Despite a sizeable literature documenting meaningful contributions of father involvement to child health and development, researchers have paid little attention to biological characteristics that may render a child more or less sensitive to fathering behavior. The identification of child and paternal characteristics that promote child behavioral health is particularly critical in the context of sociocultural risk. We hypothesized that respiratory sinus arrhythmia (RSA) measured during infancy would moderate the impact of father engagement in caregiving activities on child behavioral health. In a sample of 181 Mexican American families, we evaluated the impact of infant RSA at 6 weeks, mother- and father-reported father engagement in caregiving activities at 15 and 21 weeks, and their interaction on toddler social or emotional behavior problems and competence at 2 years of age. Only infants with average or higher RSA exhibited more behavior problems in the context of low father engagement (p =.021). Neither RSA nor father engagement predicted behavioral competence. The results are consistent with a stress-diathesis process such that higher infant RSA increases vulnerability to suboptimal father involvement, but does not enhance the benefits of high father involvement.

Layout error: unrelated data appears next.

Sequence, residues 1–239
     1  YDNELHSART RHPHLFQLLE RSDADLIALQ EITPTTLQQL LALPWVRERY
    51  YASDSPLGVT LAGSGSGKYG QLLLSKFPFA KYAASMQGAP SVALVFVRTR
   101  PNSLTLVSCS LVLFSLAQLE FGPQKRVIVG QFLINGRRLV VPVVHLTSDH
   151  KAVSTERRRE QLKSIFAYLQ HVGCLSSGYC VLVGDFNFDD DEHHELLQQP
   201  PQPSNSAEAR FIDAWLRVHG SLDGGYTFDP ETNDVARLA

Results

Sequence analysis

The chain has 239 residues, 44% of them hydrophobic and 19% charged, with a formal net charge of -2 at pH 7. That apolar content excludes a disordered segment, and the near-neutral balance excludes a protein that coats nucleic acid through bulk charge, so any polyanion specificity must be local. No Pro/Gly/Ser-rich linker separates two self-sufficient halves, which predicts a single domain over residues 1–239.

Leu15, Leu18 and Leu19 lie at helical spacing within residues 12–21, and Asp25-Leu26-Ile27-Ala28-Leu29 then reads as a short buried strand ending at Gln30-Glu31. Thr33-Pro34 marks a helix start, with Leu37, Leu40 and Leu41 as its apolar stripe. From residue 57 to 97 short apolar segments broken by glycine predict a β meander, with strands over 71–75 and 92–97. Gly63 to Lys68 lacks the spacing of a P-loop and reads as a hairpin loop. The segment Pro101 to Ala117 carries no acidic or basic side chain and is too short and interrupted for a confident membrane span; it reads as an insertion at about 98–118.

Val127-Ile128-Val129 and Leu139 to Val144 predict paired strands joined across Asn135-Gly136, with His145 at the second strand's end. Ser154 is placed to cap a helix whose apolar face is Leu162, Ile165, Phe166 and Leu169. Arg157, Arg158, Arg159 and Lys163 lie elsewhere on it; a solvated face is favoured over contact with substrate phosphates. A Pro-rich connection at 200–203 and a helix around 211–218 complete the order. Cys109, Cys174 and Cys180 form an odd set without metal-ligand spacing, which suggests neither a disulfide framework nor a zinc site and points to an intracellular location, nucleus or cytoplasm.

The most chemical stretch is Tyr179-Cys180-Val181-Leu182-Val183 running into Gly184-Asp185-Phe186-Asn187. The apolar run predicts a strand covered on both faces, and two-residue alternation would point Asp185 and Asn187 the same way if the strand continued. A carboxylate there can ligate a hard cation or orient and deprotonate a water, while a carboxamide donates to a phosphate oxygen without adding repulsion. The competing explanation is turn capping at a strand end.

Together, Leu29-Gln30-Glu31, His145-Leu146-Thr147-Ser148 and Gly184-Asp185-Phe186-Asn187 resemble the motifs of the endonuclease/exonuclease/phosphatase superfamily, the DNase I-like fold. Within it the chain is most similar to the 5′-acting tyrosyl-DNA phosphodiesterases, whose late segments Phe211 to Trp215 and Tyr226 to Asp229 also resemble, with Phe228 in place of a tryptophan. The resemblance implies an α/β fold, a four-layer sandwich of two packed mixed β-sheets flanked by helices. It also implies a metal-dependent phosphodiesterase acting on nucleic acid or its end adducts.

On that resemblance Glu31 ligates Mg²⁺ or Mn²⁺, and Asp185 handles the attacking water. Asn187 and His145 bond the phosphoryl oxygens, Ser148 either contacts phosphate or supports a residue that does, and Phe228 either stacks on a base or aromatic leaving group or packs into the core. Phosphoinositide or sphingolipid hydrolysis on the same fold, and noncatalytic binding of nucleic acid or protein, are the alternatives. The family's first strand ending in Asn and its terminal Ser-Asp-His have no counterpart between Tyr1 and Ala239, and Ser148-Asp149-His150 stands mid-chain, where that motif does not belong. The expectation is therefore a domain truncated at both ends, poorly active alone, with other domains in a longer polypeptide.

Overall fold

ASJC Scopus subject areas
- Developmental and Educational Psychology
- Developmental Neuroscience
- Developmental Biology
- Behavioral Neuroscience